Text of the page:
Expression of the rat insulin-like growth factor I (IGF-I) gene results in a number of mature mRNA species that differ in size primarily at the 3′ end due to differential polyadenylation site usage. Additionally, alternate splicing in both 5′ and 3′ regions produces RNAs which have the capacity to encode different IGF-I precursor peptides. We have analyzed total and polysomal RNAs using Northern blot analyses and solution hybridization/RNase protection assays to assess the in vivo translatability of these various IGF-I mRNA species. The results suggest that all of the known splicing variants are found on polysomes and may, therefore, be translated into a number of IGF-I precursors in vivo. One particular 5′-untranslated (UTR) variant is relatively enriched in polysomal RNA, a finding which suggests that removal of some of the 5′-UTR sequences encoded by exon 1 may enhance translatability. Of the IGF-I mRNAs with different lengths of 3′-UTR, only the shorter species were found on polysomes, suggesting that some aspect of the long 3′-UTR may prevent translation. Thus, differential processing of the primary transcript of the IGF-I gene may serve to generate IGF-I mRNA species which specify different precursors as well as to control their relative translatability.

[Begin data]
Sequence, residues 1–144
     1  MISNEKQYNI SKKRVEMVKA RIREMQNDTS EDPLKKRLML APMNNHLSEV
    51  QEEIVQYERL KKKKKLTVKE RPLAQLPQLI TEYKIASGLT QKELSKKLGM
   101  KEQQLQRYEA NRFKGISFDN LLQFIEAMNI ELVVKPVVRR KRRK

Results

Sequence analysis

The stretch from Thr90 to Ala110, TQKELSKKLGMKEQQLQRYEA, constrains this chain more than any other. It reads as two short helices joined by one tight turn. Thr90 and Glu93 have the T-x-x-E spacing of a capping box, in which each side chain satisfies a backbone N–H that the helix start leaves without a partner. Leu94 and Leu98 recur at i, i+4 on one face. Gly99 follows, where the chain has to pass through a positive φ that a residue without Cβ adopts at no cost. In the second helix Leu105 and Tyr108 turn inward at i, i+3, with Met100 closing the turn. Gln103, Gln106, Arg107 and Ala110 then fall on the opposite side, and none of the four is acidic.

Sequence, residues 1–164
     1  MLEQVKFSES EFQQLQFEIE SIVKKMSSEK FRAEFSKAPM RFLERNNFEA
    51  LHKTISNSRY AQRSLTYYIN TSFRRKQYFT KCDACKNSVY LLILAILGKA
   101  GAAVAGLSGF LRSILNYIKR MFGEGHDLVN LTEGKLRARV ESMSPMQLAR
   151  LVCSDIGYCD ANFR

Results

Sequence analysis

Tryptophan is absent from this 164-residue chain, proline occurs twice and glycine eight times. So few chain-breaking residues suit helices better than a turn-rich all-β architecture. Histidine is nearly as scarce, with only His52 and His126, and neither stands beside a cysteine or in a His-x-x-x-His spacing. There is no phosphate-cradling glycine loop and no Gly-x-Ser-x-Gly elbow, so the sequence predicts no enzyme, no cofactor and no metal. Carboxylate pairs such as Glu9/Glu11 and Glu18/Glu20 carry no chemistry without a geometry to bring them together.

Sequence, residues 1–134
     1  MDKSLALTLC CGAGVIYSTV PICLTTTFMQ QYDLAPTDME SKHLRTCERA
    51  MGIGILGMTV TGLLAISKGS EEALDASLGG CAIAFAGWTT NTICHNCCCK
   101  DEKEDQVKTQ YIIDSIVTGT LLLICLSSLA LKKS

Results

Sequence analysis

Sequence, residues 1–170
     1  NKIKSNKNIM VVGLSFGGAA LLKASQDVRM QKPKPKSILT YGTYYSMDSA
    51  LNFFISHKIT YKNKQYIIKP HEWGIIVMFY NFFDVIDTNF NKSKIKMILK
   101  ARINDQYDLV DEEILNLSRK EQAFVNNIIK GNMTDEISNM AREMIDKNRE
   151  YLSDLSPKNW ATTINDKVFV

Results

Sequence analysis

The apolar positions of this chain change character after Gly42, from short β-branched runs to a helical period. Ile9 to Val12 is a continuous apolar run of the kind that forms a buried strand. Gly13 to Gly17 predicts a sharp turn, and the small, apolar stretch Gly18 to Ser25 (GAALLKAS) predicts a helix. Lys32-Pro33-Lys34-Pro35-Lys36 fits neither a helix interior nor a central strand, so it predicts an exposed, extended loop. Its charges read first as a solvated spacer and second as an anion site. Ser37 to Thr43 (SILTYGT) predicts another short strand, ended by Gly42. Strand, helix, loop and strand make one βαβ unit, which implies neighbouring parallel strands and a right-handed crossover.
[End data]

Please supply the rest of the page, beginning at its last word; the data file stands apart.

|Original language||English (US)|
|Number of pages||6|
|Journal||Journal of Biological Chemistry|
|Publication status||Published - 1991|
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